“Researchers at Northwestern University in Chicago have found that kids with egg and milk allergy are more likely to outgrow those allergies than if they have tree nut or shellfish allergy. So when the doctor says your child will probably outgrow their egg or milk allergy, they’re not too far off,” he said.

Another study examines how people who are allergic to hen eggs might be able to tolerate them when they are baked. “It turns out that baking the egg actually denatures or neutralizes the allergen, more so than if you just partially cook it. If you introduce cakes and cookies into your diet, you will be able to most likely broaden your diet and improve the quality of your life,” he said. 

One presentation of definite note is on a newly identified and possibly life-threatening allergic reaction to mammalian meat. Researchers have determined that the lone star tick is the primary reason for meat-induced alpha-gal allergic reactions.

“This new food allergy, alpha-gal, is more common than we thought. There is a high prevalence in some areas of the country, particularly in the central and southern regions of the United States,” Dr. Portnoy explained.

Alpha-gal is a sugar found in red meats such as beef, pork, and lamb. In the study to be presented, positive alpha-gal rates were 32% higher in areas with a lone star tick population than in other areas of the United States.

Symptoms of alpha-gal allergic reactions range from mild hives to potentially life-threatening anaphylaxis.

“The reaction is delayed. A lot of people have experienced this, and now we know what it is. This is why it is so important to come to the annual meeting and learn about these unusual allergic reactions,” he said.

The topic of spice allergies is also on the meeting agenda.

According to a statement issued by the ACAAI, spices are one of the most widely used products, and are found in foods, cosmetics, and dental products. The US Food and Drug Administration does not regulate spices, which means that they are often not noted on food labels.

As a result, they are one of the most difficult allergens to identify and avoid.

“While spice allergy seems to be rare, with the constantly increasing use of spices in the American diet and a variety of cosmetics, we anticipate that more and more Americans will develop this allergy,” said Sami Bahna, MD, DrPH, from the Louisiana State University Health Sciences Center in Shreveport.

“Food allergy is a very important topic for allergists because we need to understand the most current research; recently, the field has seen a lot of changes,” ACAAI President Stanley Fineman, MD, from the Atlanta Allergy and Asthma Clinic in Georgia, told Medscape Medical News.

“There is a lot of new understanding about food allergies, new diagnostic tools, and some potential treatments,” he said. “This is the place to find out the latest information; when you go back to your practice, you [will] be on the cutting edge.”

Back by popular demand is the annual literature review course, where experts present what they feel are the key articles of the year on topics such as immunology, allergic rhinitis, ocular allergies, and immunology. “We have almost 500 people already registered for this program. Some people look forward to this program all year long to catch up on the literature. It’s a very popular feature of the meeting,” Dr. Fineman said.

The slogan for this year’s meeting is “Over the Horizon: Expanding Expertise,” which captures the essence of what the conference is about, he noted.

“The program committee selected this theme to help us see what is going on in the future, to expand our expertise, to make sure that we are able to keep current, and to hone our skills so we can adapt to any changes in healthcare and any new research involved with treating our patients,” Dr. Fineman explained.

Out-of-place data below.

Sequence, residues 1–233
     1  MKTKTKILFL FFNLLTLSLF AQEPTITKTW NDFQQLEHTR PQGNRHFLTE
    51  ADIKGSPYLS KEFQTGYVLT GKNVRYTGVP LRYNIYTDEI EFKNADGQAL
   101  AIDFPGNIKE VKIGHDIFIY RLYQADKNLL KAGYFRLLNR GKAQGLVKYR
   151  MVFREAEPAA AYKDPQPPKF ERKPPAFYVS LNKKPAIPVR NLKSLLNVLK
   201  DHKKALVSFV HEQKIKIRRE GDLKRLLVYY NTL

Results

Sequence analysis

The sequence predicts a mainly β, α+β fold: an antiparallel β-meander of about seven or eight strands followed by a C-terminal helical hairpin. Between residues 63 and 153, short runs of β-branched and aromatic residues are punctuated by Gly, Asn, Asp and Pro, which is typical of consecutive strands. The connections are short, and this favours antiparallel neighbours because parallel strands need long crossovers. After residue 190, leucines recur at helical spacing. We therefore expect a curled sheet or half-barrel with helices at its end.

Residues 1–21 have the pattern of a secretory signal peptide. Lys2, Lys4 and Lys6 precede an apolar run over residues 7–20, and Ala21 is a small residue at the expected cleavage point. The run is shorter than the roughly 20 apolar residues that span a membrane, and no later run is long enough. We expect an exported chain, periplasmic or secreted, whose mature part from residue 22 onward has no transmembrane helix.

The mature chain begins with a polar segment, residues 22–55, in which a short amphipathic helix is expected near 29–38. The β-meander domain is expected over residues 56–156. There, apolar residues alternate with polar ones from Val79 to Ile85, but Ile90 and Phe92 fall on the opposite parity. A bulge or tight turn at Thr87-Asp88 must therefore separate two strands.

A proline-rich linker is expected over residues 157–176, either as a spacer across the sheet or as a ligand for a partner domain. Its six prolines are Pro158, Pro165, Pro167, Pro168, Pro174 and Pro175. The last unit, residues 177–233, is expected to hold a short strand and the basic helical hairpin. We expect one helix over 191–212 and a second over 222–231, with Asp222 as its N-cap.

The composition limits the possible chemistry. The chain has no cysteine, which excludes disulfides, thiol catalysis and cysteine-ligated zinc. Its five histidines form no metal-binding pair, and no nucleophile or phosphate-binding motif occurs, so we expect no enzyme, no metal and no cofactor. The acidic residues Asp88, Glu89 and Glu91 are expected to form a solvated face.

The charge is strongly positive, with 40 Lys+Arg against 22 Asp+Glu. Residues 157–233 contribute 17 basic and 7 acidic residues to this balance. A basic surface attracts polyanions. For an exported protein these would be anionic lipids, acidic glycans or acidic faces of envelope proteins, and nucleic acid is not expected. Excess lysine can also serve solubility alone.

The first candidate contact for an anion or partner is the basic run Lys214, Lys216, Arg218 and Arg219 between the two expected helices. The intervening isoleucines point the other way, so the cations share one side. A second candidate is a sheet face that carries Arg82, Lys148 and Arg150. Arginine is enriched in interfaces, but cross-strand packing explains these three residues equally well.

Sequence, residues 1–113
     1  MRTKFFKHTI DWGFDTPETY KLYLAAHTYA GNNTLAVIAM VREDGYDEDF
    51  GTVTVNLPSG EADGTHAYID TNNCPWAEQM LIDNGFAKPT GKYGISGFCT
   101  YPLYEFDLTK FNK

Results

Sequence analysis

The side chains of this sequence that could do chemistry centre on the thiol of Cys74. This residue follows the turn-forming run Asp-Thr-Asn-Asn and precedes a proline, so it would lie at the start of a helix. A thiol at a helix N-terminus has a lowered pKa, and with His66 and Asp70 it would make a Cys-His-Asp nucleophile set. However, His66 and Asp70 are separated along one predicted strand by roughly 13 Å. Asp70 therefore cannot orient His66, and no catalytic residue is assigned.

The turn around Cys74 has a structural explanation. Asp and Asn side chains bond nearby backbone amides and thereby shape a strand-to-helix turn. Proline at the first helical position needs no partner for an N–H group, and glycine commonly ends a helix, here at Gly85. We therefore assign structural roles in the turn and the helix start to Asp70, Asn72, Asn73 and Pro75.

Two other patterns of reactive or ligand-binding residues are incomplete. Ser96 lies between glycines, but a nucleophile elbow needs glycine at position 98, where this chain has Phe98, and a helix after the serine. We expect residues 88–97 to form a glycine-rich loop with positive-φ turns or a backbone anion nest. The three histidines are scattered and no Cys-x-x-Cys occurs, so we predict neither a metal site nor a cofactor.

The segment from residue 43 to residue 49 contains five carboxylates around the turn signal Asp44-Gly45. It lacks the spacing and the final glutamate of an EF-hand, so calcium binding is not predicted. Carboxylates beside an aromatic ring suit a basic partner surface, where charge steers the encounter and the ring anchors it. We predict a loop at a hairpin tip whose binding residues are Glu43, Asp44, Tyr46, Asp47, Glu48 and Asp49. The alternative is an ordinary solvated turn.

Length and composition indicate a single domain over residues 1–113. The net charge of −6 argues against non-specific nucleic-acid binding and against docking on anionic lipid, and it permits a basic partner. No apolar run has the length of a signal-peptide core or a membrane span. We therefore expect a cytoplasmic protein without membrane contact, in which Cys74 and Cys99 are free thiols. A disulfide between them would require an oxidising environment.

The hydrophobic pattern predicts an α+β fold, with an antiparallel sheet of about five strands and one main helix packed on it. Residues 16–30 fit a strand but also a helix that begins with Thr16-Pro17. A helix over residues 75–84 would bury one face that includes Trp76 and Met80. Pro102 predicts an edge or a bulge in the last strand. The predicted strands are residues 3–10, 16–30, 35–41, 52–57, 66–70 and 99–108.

“Most allergists go to the meeting to find out what’s new in allergy, to keep their skills up, to interact with colleagues, and to validate what they do. Because, like most allergists and most physicians, if you are in practice and you don’t interact with other physicians, you can start to develop quirky styles of practice that may not be the best practices. It’s really a good idea to touch base with colleagues, interact, and hone your skills,” Dr. Portnoy added.

“At this meeting, allergists will hear about an unusual case and then remember a patient who had the same thing. That’s how advances in our field are made,” he said.

I could say it better.  With all the controversy swirling around health care reform, it’s refreshing to learn about what really matters for taking care of patients….that’s why I keep going to work every day!

#acaai, #allergy, #american-college-of-allergy, #american-college-of-allergy-asthma-immunology, #food-allergy

Have We Lost our CommonSense?

Schools are quite paranoid about giving any medication on their watch.  The liability for giving sunscreen when you don’t need it?  Zero.  This is very similar to the use of epinephrine in a school aged child with food allergy.  You certainly don’t want to withhold epi and risk anaphylaxis or death, when the risk of giving the EpiPen is negligible even if you don’t need the drug.  Maybe our policies in schools will change after a large malpractice case gets media attention for NOT giving epinephrine at the appropriate time for peanut allergy. 


#allergies, #allergy, #epinephrine, #epinephrine-autoinjector, #food, #food-allergy, #health, #new-york-city

Are We Beating a Dead Horse?

Ok, another study about the dangers of food allergy (yesterday in USA Today).  You would think the occurrence of food allergy to KNOWN allergens (peanut & milk) would decrease given all the attention given to accidental ingestion.  Evidently, this is not the case.  Explanations?  Maybe we’re afraid of giving epinephrine.  In my personal experience, giving epinephrine is analogous to “waving the white flag.”  It doesn’t have to be nor should it be when treating children with suspected food allergy.  As I tell my nurses, “give the epi, then call the doctor!” 


#allergen, #allergies, #allergy, #epinephrine, #food, #food-allergy, #health, #usa-today